McGill’s Social Equity and Diversity Education (SEDE) office may experience reduced programming in the future due to provincial budget cuts announced last winter.
“Like other departments and units on campus, we have been affected by a reduction in resources and staffing provoked by a number of factors,” SEDE Administrative Coordinator Juhi Sujan said.
Since its establishment in 2006, the SEDE office has provided training in equity, diversity, and anti-discrimination education, as well as school mentorship programs and opportunities for community engagement.
The office has also expanded to offer an Indigenous education program, a tutoring program for children in underrepresented neighbourhoods, and an annual Community Engagement Day, which attracted hundreds of McGill students to 20 different community service projects around Montreal this past October.
“We are extremely proud of how far the office has come since its beginnings,” Sujan said. “We are a small office, and have done the best we could with the available funds.”
Lack of funding, as a result of the provincial budget cuts that took place last winter, currently jeopardizes SEDE’s ability to staff and to carry out the many functions that fall under its mission. According to SSMU Councillors and Sujan, the fate of SEDE is uncertain if alternative funding is not found, or if McGill cannot support the office financially.
“I don’t think the whole office would fold,” Joey Shea, Vice-President University Affairs of the Students’ Society of McGill University (SSMU), said. “The SEDE office would exist, but their capacity to put on programming and the types of programming would be really limited.”
Among those who will be affected are those who work for SEDE, and those within McGill and the Montreal community who participate in and benefit from SEDE’s programs.
“Cuts are going to result in less services, less programs, and reductions to their already extremely stretched staff,” SSMU Clubs and Services Representative Zachary Rosentzveig said. “There is no fat to be cut at SEDE. Any cuts that come in would cut into meat and bone.”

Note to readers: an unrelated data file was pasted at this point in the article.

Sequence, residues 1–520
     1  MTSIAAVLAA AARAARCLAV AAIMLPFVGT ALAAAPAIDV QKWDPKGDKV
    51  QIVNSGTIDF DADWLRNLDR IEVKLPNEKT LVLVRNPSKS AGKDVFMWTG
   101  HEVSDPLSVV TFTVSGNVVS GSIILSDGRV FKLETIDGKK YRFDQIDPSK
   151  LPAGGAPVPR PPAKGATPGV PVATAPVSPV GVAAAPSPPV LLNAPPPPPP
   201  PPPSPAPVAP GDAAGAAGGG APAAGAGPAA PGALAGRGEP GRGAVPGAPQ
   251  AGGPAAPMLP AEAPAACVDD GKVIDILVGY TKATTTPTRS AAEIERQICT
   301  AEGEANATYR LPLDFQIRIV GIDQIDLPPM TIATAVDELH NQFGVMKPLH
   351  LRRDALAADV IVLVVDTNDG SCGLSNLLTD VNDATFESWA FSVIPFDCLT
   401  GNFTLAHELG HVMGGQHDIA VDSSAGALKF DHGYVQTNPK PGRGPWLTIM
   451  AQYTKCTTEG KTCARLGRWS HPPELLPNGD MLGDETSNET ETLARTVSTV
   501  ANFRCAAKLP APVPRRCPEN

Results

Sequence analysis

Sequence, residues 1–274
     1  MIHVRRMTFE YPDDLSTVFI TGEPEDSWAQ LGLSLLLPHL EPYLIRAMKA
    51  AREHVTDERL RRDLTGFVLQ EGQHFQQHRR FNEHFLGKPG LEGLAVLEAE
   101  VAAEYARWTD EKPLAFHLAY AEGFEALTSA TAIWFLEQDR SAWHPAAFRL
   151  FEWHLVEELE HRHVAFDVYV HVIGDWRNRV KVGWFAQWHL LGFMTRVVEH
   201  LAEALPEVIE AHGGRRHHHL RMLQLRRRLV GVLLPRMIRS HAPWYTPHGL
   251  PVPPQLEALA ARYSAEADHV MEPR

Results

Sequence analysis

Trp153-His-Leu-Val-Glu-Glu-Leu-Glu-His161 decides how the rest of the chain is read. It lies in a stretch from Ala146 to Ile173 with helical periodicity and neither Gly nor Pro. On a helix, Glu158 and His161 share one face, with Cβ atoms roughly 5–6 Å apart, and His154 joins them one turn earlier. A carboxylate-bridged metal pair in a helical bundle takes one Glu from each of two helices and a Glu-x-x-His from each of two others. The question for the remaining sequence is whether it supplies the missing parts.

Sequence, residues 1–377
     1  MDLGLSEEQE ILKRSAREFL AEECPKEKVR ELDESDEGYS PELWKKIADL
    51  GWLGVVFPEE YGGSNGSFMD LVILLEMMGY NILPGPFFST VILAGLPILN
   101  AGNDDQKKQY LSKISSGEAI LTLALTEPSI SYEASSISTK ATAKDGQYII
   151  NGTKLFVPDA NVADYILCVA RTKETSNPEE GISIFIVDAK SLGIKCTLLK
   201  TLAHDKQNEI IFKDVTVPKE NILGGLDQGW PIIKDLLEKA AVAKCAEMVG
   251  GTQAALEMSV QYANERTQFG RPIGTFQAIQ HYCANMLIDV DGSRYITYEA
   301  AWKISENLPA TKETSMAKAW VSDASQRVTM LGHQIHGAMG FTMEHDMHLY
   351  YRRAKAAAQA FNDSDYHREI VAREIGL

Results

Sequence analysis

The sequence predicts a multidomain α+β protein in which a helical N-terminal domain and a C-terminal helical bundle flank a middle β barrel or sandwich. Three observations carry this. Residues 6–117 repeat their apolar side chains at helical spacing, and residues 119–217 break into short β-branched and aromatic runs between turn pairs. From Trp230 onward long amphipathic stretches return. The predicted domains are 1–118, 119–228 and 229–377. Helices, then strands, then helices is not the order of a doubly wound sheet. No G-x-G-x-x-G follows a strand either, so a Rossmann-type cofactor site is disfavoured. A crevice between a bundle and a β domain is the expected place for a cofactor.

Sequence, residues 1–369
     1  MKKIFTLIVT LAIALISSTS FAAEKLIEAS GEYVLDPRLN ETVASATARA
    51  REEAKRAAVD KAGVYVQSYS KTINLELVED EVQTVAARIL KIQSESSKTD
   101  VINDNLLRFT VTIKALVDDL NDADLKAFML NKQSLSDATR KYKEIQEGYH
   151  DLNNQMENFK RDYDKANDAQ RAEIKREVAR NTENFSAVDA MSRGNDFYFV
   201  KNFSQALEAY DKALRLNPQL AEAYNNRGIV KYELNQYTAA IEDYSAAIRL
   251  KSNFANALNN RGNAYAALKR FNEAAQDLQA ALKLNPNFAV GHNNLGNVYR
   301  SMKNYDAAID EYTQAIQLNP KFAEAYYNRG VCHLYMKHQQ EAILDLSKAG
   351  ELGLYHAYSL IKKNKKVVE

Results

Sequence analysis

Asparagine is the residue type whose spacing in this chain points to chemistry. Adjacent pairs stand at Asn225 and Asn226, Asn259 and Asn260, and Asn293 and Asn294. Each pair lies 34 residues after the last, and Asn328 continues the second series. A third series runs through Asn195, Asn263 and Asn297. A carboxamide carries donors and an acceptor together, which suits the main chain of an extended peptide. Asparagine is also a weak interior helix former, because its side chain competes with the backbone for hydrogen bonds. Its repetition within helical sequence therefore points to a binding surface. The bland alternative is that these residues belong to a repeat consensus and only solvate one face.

Although SEDE is an office under the McGill administration’s jurisdiction, a motion passed at the SSMU Winter 2013 General Assembly mandates SSMU to support SEDE in gaining adequate financial support.
According to Shea, SSMU is currently undecided about the method through which they will fulfill that mandate. However, SSMU has specifically chosen not to create student fees to support SEDE.
“As much as we love SEDE and think that it’s so incredibly important to the university, it just wasn’t appropriate for us to ask students to pay for something that the university should be paying for out of its operating budget,” Shea said.
Currently, there are no alternative solutions to the funding problem, either within SSMU or on the administrative end. Meanwhile, Rosentzveig said there have been ongoing conversations between SSMU and the McGill administration to try to address the funding problems.
In her most recent SSMU Council report, Shea expressed that she would be holding a campaign in support of increased funding for SEDE.
“I don’t really know what form the campaign will take,” she said. “I imagine a letter-writing campaign to the [campus media outlets] from students in support, or directly to the provost of the university who sets the budget.”